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Students work in small groups to design a sustainable city. After exploring examples of innovation in some of the world’s best known cities they consider specific sustainability challenges that must be overcome to meet the energy, transportation, food, green space and waste management needs of the urban population.
After investigating further how cities have developed sustainable solutions to each of these five challenges, teams brainstorm the specific elements they will include in their urban designs. Upon agreement, the group first creates a 2-dimensional scale plan of their city to serve as a template for a 3-dimensional model.
Culminating activities include a ‘class tour’ of the different 3-D cities, evaluating the sustainability features of the various designs and the creation of a "Sustainability Charter" to guide all citizens in bringing a more sustainable lifestyle to their communities.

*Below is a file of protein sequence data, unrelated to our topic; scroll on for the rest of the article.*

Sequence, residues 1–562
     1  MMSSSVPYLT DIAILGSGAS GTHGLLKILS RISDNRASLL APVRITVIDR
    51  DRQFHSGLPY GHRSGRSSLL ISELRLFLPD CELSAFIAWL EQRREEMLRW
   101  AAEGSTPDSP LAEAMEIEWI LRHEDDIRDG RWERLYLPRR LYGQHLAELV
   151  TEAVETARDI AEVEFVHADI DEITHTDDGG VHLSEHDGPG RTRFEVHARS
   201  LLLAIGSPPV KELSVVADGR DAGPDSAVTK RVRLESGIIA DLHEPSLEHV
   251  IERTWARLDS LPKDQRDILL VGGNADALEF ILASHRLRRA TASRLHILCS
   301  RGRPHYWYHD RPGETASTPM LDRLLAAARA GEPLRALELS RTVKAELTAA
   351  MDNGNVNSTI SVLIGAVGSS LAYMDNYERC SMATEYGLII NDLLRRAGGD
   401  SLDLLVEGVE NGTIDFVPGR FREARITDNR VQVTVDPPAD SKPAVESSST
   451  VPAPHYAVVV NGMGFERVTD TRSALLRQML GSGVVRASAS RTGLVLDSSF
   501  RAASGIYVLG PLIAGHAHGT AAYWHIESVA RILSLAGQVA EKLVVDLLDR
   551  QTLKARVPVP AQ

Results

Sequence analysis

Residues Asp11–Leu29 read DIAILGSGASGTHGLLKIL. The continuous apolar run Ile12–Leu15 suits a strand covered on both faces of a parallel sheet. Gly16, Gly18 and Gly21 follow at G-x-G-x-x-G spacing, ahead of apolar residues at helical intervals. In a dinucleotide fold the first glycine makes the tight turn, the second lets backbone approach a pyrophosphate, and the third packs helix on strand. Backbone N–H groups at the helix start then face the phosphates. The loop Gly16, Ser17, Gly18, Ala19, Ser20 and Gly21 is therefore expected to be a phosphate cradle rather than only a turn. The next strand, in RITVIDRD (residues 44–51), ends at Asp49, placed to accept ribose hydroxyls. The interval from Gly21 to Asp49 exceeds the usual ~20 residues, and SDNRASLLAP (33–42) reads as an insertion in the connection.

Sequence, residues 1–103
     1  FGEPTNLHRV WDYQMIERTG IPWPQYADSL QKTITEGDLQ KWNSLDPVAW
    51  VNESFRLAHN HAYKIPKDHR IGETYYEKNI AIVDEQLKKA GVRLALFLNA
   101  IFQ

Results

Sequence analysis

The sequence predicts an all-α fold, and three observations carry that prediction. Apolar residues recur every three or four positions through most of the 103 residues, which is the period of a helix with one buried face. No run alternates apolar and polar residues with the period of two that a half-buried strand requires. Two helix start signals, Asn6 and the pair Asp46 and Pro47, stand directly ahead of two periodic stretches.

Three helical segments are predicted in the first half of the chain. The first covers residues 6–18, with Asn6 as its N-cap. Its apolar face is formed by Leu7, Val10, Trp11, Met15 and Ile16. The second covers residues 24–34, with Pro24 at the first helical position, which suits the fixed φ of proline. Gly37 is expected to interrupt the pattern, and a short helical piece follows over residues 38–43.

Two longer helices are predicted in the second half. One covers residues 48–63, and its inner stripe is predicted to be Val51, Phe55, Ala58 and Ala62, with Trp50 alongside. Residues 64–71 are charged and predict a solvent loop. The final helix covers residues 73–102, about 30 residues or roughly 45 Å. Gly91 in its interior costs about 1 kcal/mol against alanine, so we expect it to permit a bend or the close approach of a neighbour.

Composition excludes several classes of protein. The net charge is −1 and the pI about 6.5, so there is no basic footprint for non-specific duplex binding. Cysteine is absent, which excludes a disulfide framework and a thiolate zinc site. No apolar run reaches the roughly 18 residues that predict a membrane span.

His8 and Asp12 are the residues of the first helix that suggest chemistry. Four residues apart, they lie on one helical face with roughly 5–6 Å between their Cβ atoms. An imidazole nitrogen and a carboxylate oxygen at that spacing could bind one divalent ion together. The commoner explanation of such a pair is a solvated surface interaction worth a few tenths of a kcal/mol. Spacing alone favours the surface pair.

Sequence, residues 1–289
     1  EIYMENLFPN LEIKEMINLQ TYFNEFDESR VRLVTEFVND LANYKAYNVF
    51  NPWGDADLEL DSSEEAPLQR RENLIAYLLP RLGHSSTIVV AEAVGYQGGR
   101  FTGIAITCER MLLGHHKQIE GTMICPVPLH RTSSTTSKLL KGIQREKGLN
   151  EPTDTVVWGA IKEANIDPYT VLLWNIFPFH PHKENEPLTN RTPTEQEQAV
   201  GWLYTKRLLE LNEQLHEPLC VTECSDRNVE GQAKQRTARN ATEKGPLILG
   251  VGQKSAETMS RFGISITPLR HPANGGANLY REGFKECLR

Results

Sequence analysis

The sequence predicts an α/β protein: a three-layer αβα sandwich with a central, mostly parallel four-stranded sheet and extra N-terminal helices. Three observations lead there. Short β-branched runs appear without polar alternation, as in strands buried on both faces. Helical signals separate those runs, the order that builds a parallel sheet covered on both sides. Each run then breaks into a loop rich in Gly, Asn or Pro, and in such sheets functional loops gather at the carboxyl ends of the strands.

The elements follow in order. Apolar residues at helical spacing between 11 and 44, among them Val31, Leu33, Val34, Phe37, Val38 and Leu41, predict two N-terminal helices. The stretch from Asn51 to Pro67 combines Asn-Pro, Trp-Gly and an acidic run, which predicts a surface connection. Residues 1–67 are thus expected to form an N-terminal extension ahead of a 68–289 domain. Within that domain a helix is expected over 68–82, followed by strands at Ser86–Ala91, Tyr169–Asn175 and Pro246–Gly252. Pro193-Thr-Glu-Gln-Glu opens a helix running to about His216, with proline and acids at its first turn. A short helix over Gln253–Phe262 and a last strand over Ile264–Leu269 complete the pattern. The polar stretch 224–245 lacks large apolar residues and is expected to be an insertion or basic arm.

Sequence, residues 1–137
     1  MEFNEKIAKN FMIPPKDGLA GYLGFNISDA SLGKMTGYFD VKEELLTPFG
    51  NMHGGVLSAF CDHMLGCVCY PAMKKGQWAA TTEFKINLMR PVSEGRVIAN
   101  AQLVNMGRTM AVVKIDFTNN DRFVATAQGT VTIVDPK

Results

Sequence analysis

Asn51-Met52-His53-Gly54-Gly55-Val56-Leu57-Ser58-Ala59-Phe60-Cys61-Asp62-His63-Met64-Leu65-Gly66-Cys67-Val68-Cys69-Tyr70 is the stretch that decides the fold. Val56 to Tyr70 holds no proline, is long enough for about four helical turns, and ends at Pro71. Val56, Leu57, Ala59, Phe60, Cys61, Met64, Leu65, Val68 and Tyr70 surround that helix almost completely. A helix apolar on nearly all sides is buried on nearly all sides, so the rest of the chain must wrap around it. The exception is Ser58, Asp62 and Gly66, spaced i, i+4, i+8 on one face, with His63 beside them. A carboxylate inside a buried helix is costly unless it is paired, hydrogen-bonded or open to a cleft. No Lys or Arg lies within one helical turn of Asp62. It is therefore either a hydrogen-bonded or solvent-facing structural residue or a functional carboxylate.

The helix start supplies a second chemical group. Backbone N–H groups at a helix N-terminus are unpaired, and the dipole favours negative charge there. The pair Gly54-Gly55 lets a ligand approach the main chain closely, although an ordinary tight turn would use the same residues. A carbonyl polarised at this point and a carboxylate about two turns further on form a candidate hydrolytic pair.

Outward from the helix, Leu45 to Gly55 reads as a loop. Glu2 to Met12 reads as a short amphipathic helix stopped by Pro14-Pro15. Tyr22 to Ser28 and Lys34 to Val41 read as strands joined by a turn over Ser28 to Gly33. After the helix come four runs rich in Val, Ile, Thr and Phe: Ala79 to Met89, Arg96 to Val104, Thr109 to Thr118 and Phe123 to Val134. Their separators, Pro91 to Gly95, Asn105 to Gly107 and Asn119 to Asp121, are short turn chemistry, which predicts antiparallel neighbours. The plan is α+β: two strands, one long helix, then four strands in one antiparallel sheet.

Students are supported with a number of excellent tools that include slide presentations, planning outlines, templates for drawing and designs work and links to additional information.
The challenge requires students have a basic understanding of sustainability.
This challenge allows students to demonstrate their understanding of sustainable development in a tangible way. As such it can be considered a valuable resource in any unit of study that deals with sustainability.
The following tool will allow you to explore the relevant curriculum matches for this resource. To start, select a province listed below.
|Consideration of Alternative Perspectives||Good|